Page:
All of which put the tinsel on a remarkable Saturday afternoon rally for the Americans, who had come from three points behind after that morning's foursomes to within one, 8½ to 7½. It marked the first time in 12 years that the U.S. had won the Saturday afternoon session of four-ball, and it set up a blustery, emotional Sunday nobody on either side of the Big Duck Pond will soon forget.
Come to think of it, the emotions began Saturday night, when the Europeans announced that the Menu Man, Torrance, might not play. Not only was his heart broken over his autograph collection, but he had an injured toe as well. That meant Watson had to put one player's name in an envelope before the singles drawings. If Torrance couldn't play Sunday, neither could the man in the envelope. "Who you putting in the envelope?" Lanny Wadkins asked Watson that night.
"I haven't got a clue," said Watson.
"Put me in it," said Wadkins.
Wadkins insisted that because he hadn't earned enough points to make the team on his own and was there as one of Watson's two selections, he should step aside, even though nobody wanted to play the Ryder Cup more. "I had tears in my eyes," said Watson. On Sunday as he was sending his players to their matches, Watson said, "If it gets too tough out there for you, remember what Lanny did for you."
Nobody remembered that more than Love. Standing on 17 as Rocca looked at his 25-footer for birdie, Love sidled over to Watson and said, "It's about time for him to miss one and me to make one." Sure enough, Rocca ran his approach putt too far and began to unravel. He started fidgeting. He took too long.
Now the match was tied and so were Rocca's nerves. This is the former caddie-master of the Golf Club L'Albenza near Bergamo; an eight-year polystyrene worker; a man whose only win in 11 years on the European tour came this season; the first Italian to play in the Ryder Cup. He wasn't ready for this. Love let him walk alone to the gruesome 18th tee and wait there for a full minute, wallowing in the bile of his mistake. Then Love arrived and hit the best drive of the week there, a drawn three-wood that was too perfect to copy. Rocca, the poor man, made a scared, quick swing that left him way right and with no chance for par.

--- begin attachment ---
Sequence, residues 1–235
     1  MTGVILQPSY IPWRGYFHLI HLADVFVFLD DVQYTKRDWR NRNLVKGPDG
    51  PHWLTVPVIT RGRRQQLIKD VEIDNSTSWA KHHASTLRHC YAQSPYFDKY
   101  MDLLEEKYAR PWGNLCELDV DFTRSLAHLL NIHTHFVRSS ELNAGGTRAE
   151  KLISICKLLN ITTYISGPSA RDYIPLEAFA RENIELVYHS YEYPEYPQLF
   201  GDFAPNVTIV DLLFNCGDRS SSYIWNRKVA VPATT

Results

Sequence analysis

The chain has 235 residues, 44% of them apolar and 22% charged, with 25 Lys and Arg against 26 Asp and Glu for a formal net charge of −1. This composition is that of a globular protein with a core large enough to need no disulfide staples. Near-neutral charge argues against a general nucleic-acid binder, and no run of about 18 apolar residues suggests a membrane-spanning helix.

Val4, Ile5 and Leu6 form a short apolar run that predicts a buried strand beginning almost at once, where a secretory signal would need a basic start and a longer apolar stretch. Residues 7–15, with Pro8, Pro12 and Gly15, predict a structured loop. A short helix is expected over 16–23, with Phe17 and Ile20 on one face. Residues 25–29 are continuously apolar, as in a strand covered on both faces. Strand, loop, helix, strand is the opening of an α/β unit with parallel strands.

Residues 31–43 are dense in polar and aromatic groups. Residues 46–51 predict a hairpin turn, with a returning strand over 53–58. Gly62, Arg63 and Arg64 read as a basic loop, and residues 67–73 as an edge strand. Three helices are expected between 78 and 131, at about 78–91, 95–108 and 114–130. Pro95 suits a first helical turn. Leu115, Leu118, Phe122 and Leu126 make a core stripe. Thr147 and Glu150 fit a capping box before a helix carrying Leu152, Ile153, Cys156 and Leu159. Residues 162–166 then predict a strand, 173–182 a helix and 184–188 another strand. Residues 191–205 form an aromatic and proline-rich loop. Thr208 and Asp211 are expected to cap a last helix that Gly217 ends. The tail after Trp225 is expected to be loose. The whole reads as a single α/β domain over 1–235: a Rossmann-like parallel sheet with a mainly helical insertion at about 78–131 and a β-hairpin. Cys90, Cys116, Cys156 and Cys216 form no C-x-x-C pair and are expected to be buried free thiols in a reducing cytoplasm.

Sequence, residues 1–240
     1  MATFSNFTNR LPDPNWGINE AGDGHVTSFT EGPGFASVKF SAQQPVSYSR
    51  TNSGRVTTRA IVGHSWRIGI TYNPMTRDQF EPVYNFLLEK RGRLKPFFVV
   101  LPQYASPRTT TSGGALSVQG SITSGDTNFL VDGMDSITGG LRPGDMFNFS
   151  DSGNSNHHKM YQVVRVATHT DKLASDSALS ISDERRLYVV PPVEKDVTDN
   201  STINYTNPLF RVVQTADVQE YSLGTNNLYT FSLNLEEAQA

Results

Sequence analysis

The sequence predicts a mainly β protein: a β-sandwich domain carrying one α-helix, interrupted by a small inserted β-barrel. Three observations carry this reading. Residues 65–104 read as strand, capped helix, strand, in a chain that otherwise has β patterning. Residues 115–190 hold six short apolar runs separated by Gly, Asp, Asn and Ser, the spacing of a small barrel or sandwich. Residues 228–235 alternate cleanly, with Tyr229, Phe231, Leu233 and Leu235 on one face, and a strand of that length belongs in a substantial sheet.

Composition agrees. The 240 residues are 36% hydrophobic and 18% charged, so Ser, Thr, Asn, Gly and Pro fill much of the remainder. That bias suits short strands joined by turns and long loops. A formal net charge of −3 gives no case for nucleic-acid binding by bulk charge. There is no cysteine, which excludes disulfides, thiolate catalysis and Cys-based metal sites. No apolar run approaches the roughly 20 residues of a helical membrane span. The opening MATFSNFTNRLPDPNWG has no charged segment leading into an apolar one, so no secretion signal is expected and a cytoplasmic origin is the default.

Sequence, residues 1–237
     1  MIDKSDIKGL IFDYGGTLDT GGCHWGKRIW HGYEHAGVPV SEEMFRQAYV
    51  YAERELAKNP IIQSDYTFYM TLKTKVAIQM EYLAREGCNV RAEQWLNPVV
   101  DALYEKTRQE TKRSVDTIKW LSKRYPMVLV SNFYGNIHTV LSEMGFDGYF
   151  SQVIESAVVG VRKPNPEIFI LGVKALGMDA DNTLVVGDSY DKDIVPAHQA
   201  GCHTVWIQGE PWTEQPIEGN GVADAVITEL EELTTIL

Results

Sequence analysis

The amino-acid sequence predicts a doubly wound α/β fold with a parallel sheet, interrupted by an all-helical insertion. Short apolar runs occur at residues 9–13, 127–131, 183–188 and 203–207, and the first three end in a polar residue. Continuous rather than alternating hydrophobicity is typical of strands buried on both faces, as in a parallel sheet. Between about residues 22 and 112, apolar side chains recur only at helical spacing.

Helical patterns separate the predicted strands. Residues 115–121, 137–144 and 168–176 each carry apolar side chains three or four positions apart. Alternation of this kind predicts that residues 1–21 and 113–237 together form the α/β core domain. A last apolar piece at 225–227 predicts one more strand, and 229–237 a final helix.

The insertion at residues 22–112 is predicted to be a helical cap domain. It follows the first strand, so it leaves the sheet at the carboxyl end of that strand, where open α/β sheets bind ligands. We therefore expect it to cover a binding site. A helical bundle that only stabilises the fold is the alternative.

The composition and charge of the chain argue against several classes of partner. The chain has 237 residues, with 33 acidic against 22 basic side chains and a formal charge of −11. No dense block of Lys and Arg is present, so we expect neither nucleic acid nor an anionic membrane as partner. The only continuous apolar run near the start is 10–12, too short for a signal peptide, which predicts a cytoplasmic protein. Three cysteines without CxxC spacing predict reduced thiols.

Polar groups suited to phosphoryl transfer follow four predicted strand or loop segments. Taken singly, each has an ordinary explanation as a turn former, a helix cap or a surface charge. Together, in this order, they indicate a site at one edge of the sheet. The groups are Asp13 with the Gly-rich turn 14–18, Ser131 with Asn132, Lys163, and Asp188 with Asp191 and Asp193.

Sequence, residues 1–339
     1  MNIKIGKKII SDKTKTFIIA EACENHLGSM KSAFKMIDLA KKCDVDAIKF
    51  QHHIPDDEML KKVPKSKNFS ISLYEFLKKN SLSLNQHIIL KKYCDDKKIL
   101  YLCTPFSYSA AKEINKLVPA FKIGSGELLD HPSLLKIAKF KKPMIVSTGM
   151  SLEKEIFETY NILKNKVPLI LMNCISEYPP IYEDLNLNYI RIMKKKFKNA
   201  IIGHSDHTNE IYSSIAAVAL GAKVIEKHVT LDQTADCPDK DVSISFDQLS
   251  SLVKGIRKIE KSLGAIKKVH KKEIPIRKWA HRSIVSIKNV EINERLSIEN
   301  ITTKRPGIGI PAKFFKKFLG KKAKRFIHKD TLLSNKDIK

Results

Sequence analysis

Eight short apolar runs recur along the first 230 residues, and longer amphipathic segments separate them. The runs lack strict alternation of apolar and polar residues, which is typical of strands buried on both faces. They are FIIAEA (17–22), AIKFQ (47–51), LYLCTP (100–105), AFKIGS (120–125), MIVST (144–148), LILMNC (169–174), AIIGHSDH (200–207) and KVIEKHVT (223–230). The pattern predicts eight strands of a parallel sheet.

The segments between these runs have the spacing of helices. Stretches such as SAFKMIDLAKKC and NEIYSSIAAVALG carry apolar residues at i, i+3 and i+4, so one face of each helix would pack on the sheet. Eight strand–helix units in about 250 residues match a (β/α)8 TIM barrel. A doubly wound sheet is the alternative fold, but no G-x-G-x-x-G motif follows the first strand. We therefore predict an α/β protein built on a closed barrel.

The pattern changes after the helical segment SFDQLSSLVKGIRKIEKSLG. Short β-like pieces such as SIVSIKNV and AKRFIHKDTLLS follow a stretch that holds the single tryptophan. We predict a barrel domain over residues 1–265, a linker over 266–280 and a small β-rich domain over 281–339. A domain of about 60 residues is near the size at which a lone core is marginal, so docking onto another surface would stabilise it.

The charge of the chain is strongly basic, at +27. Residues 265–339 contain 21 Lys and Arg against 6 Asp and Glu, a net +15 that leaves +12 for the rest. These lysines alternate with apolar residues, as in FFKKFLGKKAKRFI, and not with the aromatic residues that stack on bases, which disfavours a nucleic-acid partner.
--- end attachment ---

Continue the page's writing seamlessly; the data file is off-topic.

Still, Love needed a six-footer to win the hole, and six feet at the Ryder Cup is just enough room to dig yourself a very nice grave. "I almost threw up on myself," said Love, a Ryder Cup rookie himself. "I couldn't breathe. There was no saliva in my mouth. It's one thing for me to miss a putt to lose the Masters. But to miss a putt to let down your team, that's bad."
He stepped up to the putt, put it in the center of the hole, walked over to Wadkins and said, "That putt's for you."
Maybe no Ryder Cup will ever again come down to the final putt on the 18th hole, as it did in 1991 in Kiawah, S.C., but the Americans are still playing for their reputations in this event, and it is here they are judged like no place else. So, for these Americans, on a day they won the final round of singles 7½ to 4½ to secure a 15-13 victory, this year's Cup was as sweet as sugar candy. "This," said Watson, "is the best feeling I've ever had in golf."